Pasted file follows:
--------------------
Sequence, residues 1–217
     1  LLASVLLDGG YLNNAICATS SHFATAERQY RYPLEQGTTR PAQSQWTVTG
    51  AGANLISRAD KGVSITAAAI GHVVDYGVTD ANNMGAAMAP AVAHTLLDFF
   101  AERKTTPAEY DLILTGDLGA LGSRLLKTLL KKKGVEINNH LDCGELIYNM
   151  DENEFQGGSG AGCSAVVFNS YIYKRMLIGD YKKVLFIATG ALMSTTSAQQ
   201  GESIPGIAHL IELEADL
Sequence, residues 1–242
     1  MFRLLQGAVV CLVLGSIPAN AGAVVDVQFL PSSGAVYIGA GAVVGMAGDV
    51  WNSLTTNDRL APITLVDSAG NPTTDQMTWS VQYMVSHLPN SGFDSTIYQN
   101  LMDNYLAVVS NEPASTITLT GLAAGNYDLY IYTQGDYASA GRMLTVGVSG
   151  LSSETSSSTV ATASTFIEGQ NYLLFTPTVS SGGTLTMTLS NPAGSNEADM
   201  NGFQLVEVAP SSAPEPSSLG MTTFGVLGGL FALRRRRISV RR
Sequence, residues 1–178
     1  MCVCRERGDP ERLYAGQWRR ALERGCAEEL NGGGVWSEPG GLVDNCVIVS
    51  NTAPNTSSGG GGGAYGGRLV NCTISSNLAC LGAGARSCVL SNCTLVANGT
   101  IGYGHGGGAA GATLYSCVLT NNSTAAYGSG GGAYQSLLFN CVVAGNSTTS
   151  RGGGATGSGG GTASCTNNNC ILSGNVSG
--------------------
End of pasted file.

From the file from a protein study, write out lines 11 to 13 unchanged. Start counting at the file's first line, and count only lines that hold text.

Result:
   151  LSSETSSSTV ATASTFIEGQ NYLLFTPTVS SGGTLTMTLS NPAGSNEADM
   201  NGFQLVEVAP SSAPEPSSLG MTTFGVLGGL FALRRRRISV RR
Sequence, residues 1–178